50 Canceling Subscriptions. Examine incoming
mail to determine what subscriptions must be canceled. Newsletters,
magazines, lawyer listings, legal supplements, yellow pages, web and internet
services, etc. must be canceled.
51 Credit card and check authorizations periodic
charges. Many publications and memberships continue unless canceled. Monthly
or other periodic charges might automatically made to a credit card or by
charges to a bank account. These must be canceled.
52 Notify bar associations, professional
associations and other organizations as appropriate. In addition to ending
dues billing, the organization may wish to notify others of the death of the
member. For example when I die, the ABA House of Delegates will read my name
in its opening memorial service.
Sale of the Practice in
Whole or in Part
The rules concerning the sale of a practice in
whole or in part are new and not yet fully developed. It is my hope that a
lawyer or a lawyer's estate will someday be able to sell a law practice in
whole or in part as easily as the sale in whole or in part of a medical
practice or a dental practice or an accounting practice. There is no valid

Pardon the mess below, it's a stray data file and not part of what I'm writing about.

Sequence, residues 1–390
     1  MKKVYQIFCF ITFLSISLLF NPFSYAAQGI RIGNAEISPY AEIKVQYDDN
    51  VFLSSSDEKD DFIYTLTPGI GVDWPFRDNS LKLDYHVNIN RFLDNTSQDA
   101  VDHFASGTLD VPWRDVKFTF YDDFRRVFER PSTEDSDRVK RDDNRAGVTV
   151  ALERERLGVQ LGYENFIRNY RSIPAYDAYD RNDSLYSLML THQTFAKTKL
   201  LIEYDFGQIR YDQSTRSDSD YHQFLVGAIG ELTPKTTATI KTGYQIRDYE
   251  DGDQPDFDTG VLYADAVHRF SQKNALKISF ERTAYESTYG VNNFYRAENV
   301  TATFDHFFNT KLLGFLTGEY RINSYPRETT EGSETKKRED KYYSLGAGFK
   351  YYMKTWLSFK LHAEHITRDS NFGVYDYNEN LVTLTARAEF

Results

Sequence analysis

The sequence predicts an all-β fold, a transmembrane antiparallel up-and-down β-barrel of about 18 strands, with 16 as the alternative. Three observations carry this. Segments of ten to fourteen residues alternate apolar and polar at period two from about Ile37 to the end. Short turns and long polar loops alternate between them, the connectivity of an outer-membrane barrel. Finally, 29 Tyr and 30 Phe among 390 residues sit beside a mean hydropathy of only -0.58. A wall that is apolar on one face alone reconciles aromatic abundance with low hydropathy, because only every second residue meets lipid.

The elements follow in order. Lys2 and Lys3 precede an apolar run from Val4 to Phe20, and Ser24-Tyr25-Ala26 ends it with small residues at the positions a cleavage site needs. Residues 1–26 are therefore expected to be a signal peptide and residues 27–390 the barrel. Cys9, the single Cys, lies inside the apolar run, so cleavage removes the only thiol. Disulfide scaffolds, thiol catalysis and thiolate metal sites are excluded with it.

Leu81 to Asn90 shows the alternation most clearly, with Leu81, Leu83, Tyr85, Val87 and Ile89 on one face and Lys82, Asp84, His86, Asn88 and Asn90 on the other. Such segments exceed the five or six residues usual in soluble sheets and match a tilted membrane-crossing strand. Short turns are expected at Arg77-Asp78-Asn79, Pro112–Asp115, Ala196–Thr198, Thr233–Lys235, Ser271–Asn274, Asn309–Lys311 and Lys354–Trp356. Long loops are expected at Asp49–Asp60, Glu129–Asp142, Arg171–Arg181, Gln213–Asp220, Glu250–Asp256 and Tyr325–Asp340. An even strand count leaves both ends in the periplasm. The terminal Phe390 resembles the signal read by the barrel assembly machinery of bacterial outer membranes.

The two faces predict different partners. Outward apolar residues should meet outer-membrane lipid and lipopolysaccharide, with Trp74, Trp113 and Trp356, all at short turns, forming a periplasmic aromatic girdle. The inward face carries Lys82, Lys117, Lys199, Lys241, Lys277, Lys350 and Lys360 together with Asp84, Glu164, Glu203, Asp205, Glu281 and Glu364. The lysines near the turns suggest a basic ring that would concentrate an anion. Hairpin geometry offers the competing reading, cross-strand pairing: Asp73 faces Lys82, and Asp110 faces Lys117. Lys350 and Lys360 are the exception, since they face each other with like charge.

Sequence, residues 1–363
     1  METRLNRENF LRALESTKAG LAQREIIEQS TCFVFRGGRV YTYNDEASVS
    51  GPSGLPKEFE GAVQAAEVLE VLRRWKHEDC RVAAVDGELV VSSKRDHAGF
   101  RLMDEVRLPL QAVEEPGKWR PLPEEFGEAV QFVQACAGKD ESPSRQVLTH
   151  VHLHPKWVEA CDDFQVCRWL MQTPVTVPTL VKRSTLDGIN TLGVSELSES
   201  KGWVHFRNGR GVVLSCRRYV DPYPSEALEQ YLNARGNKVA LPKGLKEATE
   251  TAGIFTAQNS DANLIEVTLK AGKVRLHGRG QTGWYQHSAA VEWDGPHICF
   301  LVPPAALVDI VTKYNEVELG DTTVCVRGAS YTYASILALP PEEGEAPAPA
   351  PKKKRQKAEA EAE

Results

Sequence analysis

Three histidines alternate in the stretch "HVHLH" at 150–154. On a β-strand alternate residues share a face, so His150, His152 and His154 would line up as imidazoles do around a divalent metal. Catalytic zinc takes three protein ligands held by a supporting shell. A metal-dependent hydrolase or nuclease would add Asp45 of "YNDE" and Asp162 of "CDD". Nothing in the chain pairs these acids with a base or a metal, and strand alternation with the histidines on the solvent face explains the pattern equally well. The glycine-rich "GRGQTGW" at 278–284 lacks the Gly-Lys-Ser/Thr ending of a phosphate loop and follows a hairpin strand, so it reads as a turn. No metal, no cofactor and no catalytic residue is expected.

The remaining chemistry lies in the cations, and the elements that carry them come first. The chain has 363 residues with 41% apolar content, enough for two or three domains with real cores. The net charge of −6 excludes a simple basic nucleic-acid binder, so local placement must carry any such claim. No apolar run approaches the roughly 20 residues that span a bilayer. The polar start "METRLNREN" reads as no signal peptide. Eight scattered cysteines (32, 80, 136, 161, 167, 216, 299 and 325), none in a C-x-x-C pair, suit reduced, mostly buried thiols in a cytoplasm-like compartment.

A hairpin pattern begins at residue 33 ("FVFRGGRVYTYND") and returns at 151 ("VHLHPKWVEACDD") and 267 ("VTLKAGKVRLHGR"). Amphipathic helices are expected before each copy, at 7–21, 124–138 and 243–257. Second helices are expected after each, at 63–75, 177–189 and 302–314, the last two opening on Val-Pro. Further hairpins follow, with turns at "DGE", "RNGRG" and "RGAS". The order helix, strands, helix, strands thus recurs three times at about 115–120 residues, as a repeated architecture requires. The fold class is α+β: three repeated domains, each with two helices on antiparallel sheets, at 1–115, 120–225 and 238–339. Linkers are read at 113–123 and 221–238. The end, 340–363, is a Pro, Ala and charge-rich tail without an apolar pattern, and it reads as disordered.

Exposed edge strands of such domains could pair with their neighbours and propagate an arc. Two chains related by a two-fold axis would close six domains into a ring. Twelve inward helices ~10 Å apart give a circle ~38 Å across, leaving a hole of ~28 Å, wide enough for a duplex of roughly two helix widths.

reason why the life's work of a lawyer should become worthless at his or her
death. Client confidences can be protected.
Guidelines for Setting a
Price for a Law Practice
These guidelines are just that - guidelines.
Every practice situation is different. The urgency or lack of urgency in
buying or selling may affect the price. Hopefully, the lawyer will have begun
the process of selling the practice to another lawyer or law firm as part of
a retirement plan while there is time for give and take negotiation with a
There are many different techniques used by
professionals. An appraiser hired by a seller may consciously or
unconsciously use a method designed to set a high price. Conversely, an
appraiser hired by the buyer may try for as low a price as possible. Many of
the methods used are intended for large firms, for mergers, or for a divorce
court or estate taxes rather than the real world of a lawyer or firm buying
or selling a practice.
Since few if any, lawyers regularly buy or sell practices, the lawyer rarely
has any expertise or experience in setting the price or terms for his or her
own practice. A lawyer buying or selling a law practice is well advised to
It may be helpful to examine internet listings
and descriptions of practices for sale. A visit to www.LawPracticeSales.net
or to www.SeniorLawyers.org may be helpful.
What follows is based on my personal experiences
in assisting lawyers and other professional firms. Again these are only some
of the factors to be considered.
A Multiple of Fee Income. This is my favorite
method. It is relatively simple and reflects what is really happening in the
world, but there are other methods used by professional appraisers that are
not being described in this checklist.
1. Average the fee income over the previous 5
years by category of fees. A 5 year average will hopefully balance out the